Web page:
Sunday, April 13, 2014

Pioneer Living

It's tradition at their elementary school that the 2/3 graders visit the local historical museum to learn about daily life for pioneers. Jared was really excited about the trip because they'd finally get to see Inside the Log Cabin. I didn't go along, but I heard the following report from a Very Reliable Source.

When they entered the pioneer log cabin, the tour lady invited the children to look around carefully and observe ways this cabin was different from their houses. One child raised his hand and pointed out the ladder to the sleeping loft.
"Yes, good job!" the lady said. "We don't have ladders in our houses anymore to get into the upstairs. We have stairs."
Jared raised his hand. "Actually, I have a ladder in my house."
The lady smiled at him. "But you don't use the ladder to get into the upstairs, do you?"
Jared nodded. "Actually, we do. That's how we get into my bedroom."
Nonplussed, the lady looked around at the adults. My Source nodded. "He's telling the truth. He does basically have a ladder up into his bedroom."
The lady continued. "Pioneer children slept in lofts like this one," she said, pointing up. "Don't you think it would be unusual to sleep in a loft like this?"
Jared raised his hand. "I sleep in my attic."
The lady stared at him for awhile, maybe uncertain whether or not to believe him. Then, she continued. "Well, children, do you see any other things that are different from what you have in your houses?"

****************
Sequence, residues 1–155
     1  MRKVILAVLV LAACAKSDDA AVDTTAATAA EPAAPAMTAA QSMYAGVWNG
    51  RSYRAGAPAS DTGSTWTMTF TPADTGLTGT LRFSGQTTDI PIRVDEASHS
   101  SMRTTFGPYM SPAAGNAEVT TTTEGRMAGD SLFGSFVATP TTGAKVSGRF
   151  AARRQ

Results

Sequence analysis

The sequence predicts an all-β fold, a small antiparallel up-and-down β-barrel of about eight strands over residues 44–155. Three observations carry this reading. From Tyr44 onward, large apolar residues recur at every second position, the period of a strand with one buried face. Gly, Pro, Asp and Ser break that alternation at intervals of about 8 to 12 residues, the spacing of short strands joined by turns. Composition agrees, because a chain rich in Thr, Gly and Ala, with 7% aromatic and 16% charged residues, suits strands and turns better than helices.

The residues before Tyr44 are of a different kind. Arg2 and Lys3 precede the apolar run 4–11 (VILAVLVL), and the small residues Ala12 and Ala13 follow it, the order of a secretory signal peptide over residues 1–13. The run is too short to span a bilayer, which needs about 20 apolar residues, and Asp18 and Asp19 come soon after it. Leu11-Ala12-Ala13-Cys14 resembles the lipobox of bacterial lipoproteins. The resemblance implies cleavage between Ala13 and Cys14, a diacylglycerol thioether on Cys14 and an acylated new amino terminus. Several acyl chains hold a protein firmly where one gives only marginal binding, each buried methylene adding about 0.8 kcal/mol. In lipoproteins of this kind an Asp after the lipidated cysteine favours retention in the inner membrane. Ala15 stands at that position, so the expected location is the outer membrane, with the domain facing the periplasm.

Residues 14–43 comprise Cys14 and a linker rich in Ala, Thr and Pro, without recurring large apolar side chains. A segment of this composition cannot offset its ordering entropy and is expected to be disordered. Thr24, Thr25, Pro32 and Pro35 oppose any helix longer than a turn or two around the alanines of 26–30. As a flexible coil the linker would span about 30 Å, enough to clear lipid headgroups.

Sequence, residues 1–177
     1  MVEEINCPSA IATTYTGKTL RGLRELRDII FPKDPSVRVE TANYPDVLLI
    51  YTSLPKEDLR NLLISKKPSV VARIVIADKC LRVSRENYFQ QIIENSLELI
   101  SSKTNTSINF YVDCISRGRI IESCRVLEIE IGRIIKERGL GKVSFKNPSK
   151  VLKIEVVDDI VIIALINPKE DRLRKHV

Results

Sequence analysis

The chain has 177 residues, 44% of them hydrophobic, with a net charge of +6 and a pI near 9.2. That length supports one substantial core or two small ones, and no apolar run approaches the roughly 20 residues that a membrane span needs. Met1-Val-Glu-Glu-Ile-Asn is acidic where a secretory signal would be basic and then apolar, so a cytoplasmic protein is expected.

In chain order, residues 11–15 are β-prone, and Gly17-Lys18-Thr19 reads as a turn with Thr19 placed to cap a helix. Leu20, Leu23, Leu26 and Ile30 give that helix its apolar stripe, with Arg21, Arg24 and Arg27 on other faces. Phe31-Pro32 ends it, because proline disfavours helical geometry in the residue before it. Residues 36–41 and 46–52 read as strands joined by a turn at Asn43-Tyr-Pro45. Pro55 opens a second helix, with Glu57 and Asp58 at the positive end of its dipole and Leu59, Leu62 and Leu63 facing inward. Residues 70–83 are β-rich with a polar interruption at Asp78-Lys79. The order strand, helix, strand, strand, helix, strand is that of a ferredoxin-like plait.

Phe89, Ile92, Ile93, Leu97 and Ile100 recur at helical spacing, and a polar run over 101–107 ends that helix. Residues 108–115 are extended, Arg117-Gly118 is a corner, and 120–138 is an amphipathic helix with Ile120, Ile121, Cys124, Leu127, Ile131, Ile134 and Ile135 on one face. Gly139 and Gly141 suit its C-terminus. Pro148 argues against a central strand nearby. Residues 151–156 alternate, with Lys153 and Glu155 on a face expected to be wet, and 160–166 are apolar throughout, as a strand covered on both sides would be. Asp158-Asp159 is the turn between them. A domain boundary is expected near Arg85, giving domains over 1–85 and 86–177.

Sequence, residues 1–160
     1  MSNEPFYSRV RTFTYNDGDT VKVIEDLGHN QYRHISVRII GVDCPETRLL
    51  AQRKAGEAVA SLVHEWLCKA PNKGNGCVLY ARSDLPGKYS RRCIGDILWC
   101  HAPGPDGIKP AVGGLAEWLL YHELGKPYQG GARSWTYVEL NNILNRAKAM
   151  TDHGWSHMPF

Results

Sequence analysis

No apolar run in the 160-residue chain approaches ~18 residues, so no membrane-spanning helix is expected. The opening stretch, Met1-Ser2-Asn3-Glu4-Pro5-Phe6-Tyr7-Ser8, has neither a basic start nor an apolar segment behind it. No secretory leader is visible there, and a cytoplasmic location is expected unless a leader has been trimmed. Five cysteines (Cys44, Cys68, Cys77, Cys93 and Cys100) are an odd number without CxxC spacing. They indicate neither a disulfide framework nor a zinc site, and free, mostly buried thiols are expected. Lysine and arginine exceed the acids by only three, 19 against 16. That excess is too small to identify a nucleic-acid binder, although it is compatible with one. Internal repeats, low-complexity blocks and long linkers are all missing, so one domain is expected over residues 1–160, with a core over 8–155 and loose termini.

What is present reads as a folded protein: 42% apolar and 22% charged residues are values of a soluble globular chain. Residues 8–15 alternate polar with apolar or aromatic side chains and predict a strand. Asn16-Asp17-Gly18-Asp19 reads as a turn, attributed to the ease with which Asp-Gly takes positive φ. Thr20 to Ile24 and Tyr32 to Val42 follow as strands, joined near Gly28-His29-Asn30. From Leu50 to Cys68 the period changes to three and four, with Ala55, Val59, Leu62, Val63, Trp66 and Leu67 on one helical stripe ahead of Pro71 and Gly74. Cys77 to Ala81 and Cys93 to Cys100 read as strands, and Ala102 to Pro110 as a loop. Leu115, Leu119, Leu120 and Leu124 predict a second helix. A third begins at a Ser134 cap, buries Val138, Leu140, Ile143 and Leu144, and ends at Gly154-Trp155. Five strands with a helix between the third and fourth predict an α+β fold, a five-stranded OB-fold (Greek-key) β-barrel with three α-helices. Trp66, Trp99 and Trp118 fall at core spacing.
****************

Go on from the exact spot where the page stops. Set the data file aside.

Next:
A child pointed to the wood burning stove. "That's right," the lady said. "In pioneer days, people used these to heat their homes."
Jared raised his hand. "We have one of those."
The lady raised her eyebrows. "Okay, but you probably don't use it to cook your food like pioneers did."
"Actually, we do. Sometimes. My mom makes soup on it in the winter and my dad likes to cook on it too."
The lady eyed my Source. He shrugged. "They probably do," he said.
The lady continued, talking about chores and how hard pioneer children had to work to bring in enough firewood to keep the house warm in cold months. Jared raised his hand. "I help bring in firewood at my house."
At this point, the lady just led the group outside, where she showed them trees
with sap-collecting buckets.
The children listened attentively as she explained how syrup is made from sap. Jared's teacher leaned in close to the lady before they moved on. "Jared's dad collects sap too. Just thought you should know."
I do not know how she responded to this little tidbit.

So there you have it. Apparently, we live like pioneers. Who knew?